<title>Verifying a username and a password</title>





          <div style =       "font-family = arial">

          Type in your username and password below.

          </div><br />     


          <div style =       "color: #0000ff; font-family: arial;

            font-weight: bold; font-size: x-small">

          Note that the password will be sent as plain text.




          <form action = "/cgi-bin/fig27_17.pl" method = "post">


          <table style = "background-color: #dddddd">


          <td style = "font-face: arial;

          font-weight: bold">Username:</td>




          <input name = "username" />




          <td style = "font-face: arial;

          font-weight: bold">Password:</td>




          <input name = "password" type = "password" />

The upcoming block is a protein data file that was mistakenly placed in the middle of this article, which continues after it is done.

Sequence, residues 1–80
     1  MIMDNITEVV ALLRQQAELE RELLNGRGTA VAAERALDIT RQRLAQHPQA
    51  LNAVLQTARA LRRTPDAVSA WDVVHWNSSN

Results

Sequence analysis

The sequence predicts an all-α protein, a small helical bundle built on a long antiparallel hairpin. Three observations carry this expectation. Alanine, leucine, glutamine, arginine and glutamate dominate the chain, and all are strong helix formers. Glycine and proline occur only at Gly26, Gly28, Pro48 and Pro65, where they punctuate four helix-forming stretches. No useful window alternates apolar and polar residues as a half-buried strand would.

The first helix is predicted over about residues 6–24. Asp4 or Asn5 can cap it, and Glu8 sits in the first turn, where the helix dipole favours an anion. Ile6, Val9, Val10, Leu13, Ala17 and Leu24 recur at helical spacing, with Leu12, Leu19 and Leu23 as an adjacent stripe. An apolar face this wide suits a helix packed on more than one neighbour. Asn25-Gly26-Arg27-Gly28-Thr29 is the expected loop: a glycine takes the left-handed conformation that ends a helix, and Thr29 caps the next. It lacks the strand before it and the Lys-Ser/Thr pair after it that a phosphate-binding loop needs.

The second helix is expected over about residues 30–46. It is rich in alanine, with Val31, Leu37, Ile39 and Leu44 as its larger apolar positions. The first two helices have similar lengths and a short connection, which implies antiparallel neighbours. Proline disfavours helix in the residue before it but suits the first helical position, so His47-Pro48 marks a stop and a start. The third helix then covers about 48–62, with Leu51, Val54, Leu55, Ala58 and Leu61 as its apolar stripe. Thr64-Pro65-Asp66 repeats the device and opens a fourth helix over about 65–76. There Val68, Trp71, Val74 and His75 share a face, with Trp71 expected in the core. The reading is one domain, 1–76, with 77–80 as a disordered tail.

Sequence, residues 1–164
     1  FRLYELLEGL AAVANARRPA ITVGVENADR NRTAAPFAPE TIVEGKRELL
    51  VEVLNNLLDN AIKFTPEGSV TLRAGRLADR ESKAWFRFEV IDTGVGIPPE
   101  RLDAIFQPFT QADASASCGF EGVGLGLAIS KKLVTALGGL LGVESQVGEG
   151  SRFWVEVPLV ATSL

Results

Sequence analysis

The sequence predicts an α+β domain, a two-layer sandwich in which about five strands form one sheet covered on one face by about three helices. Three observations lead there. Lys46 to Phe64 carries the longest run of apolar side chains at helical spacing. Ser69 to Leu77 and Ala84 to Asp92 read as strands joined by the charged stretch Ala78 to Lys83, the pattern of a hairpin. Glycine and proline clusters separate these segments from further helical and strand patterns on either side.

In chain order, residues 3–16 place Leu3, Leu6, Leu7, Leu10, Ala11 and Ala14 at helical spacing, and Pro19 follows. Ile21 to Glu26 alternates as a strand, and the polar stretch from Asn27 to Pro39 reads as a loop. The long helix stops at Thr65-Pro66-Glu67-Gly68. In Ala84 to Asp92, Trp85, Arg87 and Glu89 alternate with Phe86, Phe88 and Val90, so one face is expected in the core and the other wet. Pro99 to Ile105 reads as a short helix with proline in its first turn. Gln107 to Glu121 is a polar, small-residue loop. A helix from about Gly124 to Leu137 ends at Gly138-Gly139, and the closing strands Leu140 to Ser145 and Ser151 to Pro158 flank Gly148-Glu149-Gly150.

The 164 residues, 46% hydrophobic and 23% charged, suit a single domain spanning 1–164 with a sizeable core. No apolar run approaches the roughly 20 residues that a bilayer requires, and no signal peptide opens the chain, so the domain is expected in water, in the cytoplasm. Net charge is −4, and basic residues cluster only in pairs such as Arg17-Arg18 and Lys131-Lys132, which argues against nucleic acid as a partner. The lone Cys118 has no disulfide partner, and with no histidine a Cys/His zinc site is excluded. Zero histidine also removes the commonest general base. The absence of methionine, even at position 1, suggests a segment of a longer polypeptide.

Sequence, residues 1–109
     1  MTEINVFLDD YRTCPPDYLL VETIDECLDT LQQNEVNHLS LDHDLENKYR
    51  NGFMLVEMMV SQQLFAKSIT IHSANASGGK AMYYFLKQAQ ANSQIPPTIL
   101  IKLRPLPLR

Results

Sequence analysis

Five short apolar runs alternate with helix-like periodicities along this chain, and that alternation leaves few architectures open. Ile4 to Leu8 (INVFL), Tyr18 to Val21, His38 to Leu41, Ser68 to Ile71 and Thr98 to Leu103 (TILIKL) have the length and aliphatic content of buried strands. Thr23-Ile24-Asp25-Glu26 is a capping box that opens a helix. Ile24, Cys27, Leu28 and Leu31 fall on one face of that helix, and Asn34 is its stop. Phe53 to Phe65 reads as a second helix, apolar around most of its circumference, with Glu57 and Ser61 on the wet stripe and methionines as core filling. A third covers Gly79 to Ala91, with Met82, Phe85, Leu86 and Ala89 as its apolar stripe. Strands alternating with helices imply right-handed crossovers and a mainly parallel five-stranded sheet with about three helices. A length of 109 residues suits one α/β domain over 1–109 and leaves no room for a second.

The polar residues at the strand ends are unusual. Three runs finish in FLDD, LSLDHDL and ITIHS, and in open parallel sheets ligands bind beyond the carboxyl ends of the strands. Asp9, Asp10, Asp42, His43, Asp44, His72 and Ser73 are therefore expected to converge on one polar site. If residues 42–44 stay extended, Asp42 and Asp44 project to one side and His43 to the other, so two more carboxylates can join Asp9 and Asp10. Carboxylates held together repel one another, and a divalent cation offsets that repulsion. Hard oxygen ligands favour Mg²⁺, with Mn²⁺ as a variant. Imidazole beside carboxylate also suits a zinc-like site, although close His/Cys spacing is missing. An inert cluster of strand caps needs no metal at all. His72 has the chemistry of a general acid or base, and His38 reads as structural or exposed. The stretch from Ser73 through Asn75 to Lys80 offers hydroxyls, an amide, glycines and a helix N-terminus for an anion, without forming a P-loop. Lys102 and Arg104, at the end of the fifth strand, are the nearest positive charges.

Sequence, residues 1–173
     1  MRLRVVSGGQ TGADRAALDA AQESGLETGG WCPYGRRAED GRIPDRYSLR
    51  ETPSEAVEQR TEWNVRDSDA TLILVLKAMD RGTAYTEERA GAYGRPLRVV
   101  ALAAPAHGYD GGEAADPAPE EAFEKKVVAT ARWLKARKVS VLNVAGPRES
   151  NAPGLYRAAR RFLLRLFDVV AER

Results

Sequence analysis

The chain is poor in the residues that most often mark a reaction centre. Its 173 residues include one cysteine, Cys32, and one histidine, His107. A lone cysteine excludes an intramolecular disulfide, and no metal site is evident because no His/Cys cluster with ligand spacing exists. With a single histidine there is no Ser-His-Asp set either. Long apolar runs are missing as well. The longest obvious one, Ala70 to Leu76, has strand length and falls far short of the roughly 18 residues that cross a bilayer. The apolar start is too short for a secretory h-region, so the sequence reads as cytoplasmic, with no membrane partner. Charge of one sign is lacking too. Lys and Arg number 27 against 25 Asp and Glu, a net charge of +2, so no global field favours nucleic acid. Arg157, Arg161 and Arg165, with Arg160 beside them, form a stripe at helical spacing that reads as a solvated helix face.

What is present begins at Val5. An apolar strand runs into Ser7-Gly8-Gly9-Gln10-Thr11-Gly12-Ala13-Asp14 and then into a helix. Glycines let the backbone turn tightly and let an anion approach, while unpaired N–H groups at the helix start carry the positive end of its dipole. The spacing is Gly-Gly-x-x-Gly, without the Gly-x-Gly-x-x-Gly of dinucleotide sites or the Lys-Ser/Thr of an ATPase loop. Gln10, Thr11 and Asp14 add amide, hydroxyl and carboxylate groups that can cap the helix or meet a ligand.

<input type = "submit" value = "Enter" />








Fig. 27.16  Entering a username and password




The while structure (lines 17–29) repeatedly executes the code enclosed in curly braces until the condition in parentheses evaluates to false. In this case, the test condition assigns the next unread line of password.txt to $line and evaluates to true as long as a line from the file was successfully read. When the end of the file is reached, <FILE> returns false and the loop terminates.



    # Fig. 27.17: fig27_17.pl

    # Program to search a database for usernames and passwords.


    use CGI qw( :standard );


    $dtd =

    "-//W3C//DTD XHTML 1.0 Transitional//EN\"



      $testUsername = param( "username" );

      $testPassword = param( "password" );


      open( FILE, "password.txt" ) or

      die( "The database could not be opened." );


      while ( $line = <FILE> ) {

      chomp( $line );

          ( $username, $password ) = split( ",", $line );


          if ( $testUsername eq $username ) {

          $userVerified = 1;


          if ( $testPassword eq $password ) {